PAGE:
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The pain of the sequester is that kind that lurks: a slow, creeping disaster mainly affecting those Americans on the fringes who are barely inching their way back into a still-bleak job market — or hopelessly locked out of it — and poor Americans too old or too young to participate in it.

That is how the effects should always have been framed: not as a danger to air travelers and contractors, but as a prowling danger to the most vulnerable in our flock.

Not framing it this way harkens back to a larger problem in our culture: a failure, or outright unwillingness, to acknowledge America’s poor — both working and not — and to appreciate their struggle.

The words are by Charles M. Blow, from a New York TImes op ed titled Cry About the Real Wolf.

In it Blow uses the fable of the little boy who cried wolf to call the Obama administration to task for how it handled the politics of the sequester.  

He then pivots to write about his hometown in Louisiana, with a median family income of under $30,000, "staggeringly high" poverty rates, dependency upon social welfare programs, few professional jobs except at the school that is the regional center for Head Start.  It is not that people don't work hard, but most of the jobs do not pay a livable wage.

Blow then write:  

It is in places like this, places full of the working poor who don’t take airplanes or own stock, that the effects of the sequester will be all too real.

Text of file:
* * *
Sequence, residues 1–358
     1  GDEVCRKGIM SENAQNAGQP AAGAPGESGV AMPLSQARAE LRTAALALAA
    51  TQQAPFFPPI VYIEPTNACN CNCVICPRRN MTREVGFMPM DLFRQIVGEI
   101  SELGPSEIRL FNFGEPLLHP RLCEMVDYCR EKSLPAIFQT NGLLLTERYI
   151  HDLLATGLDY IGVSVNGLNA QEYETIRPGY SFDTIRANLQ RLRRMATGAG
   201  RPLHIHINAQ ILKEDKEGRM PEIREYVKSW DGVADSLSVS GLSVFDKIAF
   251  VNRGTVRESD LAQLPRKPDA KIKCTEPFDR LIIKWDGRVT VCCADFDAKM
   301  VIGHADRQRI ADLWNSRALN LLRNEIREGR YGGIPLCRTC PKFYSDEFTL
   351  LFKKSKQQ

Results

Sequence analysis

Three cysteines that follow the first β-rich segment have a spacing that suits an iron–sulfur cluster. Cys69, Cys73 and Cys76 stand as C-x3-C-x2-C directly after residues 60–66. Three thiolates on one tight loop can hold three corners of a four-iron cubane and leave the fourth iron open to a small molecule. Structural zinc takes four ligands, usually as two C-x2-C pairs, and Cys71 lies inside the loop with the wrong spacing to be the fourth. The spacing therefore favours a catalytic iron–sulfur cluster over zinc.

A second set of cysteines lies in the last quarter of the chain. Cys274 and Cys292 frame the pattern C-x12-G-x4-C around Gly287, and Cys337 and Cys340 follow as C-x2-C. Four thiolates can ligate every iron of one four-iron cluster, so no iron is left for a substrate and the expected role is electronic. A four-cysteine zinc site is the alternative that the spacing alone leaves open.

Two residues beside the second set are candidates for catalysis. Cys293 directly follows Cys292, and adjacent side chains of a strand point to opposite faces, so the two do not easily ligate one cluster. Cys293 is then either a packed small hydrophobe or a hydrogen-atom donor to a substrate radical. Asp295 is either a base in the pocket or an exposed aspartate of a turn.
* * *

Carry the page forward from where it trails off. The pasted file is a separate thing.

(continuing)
You SHOULD read Blow's column.   I wanted to focus on the aspect I address in my title:

What about the most vulnerable?

Let me once again quote the famous words by that liberal lion, Hubert Horatio Humphrey:

It was once said that the moral test of government is how that government treats those who are in the dawn of life, the children; those who are in the twilight of life, the elderly; and those who are in the shadows of life, the sick, the needy and the handicapped.
We have Republicans who either refuse to accept the expansion of Medicaid in their states or if they do want it run through private insurance companies at a greater cost and of less benefit to those it serves.  We have Congressional Republicans who still insist upon cutting Medicare despite the fact that the savings in Medicare since such cuts were proposed by Simpson and Bowles already exceed those proposed cuts by $100 billion.  We are again seeing a concerted attack on Head Start, now again including the words of supposedly liberal journalists.  We have ongoing attacks on defined benefit pensions now available mainly to public employees and not the private sector.  This administration is apparently willing to offer chained CPI, which would devastate the benefits of seniors, especially those with few resources beyond Social Security and Medicare.

Most of all, we constantly hear about the Middle Class, but almost nothing about the poor.

You can be young or elderly or sick and not be in the shadows of life.  

My wife and I are dealing with major illness.  But we have insurance, we have resources, and at worst I may have to come out of retirement to take a job I might not enjoy or we might have to downsize our lifestyle.

The children of the rich and of most of the middle class do not have to worry eating on a snow day when there is no free lunch and even breakfast at school.

Except as employers most of us do not worry about the difference even a single dollar an hour in one's wages make to basic survival.